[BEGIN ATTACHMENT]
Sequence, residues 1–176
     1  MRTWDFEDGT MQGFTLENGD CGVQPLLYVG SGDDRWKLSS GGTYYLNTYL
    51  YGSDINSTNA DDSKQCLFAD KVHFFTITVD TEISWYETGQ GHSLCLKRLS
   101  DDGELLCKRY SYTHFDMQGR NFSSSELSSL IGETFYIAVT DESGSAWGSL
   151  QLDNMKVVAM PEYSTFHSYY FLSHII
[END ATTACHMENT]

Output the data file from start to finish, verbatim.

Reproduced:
Sequence, residues 1–176
     1  MRTWDFEDGT MQGFTLENGD CGVQPLLYVG SGDDRWKLSS GGTYYLNTYL
    51  YGSDINSTNA DDSKQCLFAD KVHFFTITVD TEISWYETGQ GHSLCLKRLS
   101  DDGELLCKRY SYTHFDMQGR NFSSSELSSL IGETFYIAVT DESGSAWGSL
   151  QLDNMKVVAM PEYSTFHSYY FLSHII